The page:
The Social Work Job Hunting Process

By Amanda Rowan on September 30, 2015


What is the best way to find a job as a social worker? This can be a challenging process, especially for new grads that haven’t had much experience in the field. One of the issues in the field of social work is that there actually isn’t a great single resource for jobs, which is something most people find out pretty quickly. Although there are some general tools that can help you with your job search, you are really going to have to develop your own resource bank. This article will describe a few routes you can take to make some headway on your social work job search.

Traditional Resources

Starting off your job search may be easiest with some of the more conventional resources such as the career services department at your graduate school. Two of the main online job sources I would recommend are:


These websites offer some general job postings in the industry and can serve as an asset during your search. Another thing to be aware of is that some agencies do post with the local major newspaper. You could do a search, for example in the L.A. Times, to see who is posting for social service jobs.

One of the things I found out pretty quickly in regard to job searching is that a lot of agencies don’t actually post on big public sites and they will choose to post internally instead. This can make things more challenging because instead of being able to look for jobs in a single place you have to search for the different places these companies are posting their jobs.

If you still have access to your book about the internship sites at your school then you can use that as a resource because those are all agencies that will hire social workers since they are obviously needed to supervise interns. You have the option of going through that list and making note of places that you would be interested in working for and then visit their website to view any posted job opportunities.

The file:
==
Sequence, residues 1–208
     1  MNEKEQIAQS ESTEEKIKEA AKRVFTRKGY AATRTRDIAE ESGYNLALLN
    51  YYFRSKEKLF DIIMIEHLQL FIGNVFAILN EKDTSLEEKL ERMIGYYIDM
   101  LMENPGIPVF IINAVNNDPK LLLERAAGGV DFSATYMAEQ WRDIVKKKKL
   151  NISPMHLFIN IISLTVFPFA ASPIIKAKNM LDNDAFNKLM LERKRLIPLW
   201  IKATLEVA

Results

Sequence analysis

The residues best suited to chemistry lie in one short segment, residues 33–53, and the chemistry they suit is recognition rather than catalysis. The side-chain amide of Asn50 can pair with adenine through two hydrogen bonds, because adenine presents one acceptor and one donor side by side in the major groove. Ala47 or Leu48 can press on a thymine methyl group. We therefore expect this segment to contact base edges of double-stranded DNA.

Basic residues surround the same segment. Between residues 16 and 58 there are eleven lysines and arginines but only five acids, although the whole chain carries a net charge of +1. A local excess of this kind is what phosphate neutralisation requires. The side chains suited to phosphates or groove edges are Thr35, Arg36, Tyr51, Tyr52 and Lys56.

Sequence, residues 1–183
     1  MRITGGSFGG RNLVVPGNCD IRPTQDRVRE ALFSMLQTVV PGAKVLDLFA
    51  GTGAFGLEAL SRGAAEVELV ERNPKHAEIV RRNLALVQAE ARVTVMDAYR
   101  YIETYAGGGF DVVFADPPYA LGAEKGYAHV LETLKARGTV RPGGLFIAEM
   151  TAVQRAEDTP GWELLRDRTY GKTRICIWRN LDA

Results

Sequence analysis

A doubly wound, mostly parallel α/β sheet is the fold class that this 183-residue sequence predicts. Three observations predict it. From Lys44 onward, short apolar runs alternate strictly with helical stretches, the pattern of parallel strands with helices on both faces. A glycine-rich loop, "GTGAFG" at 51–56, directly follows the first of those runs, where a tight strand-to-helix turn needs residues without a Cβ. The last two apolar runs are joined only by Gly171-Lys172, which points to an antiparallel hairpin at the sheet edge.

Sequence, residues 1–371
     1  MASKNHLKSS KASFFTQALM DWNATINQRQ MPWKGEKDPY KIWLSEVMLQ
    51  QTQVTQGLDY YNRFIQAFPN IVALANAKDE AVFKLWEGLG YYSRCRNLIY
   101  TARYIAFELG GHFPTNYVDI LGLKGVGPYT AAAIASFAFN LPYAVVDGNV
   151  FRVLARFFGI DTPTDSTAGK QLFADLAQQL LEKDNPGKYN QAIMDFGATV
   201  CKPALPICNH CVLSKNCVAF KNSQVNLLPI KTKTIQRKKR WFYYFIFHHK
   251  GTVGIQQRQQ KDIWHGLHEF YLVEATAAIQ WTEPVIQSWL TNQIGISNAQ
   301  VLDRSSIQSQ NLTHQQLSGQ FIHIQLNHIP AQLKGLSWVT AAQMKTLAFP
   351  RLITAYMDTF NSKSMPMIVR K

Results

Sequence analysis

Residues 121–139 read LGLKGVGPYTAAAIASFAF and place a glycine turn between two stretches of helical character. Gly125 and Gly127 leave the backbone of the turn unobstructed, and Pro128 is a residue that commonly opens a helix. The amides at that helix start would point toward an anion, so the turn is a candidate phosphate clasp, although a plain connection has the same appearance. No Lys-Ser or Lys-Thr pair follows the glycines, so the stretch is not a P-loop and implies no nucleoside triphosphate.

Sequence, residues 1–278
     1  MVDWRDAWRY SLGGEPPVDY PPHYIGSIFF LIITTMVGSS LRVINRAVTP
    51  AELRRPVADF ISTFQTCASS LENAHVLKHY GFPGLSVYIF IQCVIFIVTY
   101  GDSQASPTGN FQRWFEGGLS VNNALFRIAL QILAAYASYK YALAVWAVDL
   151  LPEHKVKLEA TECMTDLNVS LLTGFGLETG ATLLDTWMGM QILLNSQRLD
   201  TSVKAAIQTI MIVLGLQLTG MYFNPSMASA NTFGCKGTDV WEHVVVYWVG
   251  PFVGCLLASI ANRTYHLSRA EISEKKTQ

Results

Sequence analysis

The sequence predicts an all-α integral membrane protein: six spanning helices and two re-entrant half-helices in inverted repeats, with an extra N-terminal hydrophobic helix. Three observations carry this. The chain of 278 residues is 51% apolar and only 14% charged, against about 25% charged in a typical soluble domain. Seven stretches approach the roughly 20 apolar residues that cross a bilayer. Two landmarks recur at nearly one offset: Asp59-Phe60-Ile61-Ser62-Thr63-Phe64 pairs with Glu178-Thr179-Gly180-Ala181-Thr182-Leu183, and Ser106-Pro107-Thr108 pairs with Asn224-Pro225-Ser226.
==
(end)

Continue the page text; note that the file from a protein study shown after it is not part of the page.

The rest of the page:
Using Your Network

The most important resources you will have during your job search are the people in your network as well as the people who have already been there. By reaching out to these individuals, you can find out where the best resources are.

When you reach out to people who are already established in the field they are going to know people at other agencies and will be able to find out more easily who is hiring and help you get on the inside track. Talking with your peers and staying connected with them will help you find out if they have already gotten jobs and where they’ve been hired. It really is true in any job, even in social work; it’s really who you know and the contacts you have to get your foot in the door.

If there are particular agencies or interests that you have you can also look them up and contact them directly. When you do this let them know that you have a professional interest in this area and list any experience you have and express that you would love to be part of their team if they are hiring at any point in the future. Even if they are not currently hiring you may have the opportunity to do some volunteer work, which will at the very least give you some valuable experience and possibly lead to employment potential in the future. All these efforts will function to support your career goals and will hopefully pay off down the road.



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